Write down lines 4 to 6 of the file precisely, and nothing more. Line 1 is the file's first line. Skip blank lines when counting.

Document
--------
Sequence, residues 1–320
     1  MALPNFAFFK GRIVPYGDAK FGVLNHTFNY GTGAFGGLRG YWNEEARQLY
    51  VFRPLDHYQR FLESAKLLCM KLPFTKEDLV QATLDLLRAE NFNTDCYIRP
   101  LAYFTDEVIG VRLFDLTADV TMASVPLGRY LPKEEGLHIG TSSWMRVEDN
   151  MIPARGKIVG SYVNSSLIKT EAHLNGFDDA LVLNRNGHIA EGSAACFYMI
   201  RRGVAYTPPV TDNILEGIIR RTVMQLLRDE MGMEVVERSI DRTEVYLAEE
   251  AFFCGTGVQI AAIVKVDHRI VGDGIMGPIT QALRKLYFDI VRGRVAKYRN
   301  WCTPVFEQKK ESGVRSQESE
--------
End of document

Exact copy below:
   101  LAYFTDEVIG VRLFDLTADV TMASVPLGRY LPKEEGLHIG TSSWMRVEDN
   151  MIPARGKIVG SYVNSSLIKT EAHLNGFDDA LVLNRNGHIA EGSAACFYMI
   201  RRGVAYTPPV TDNILEGIIR RTVMQLLRDE MGMEVVERSI DRTEVYLAEE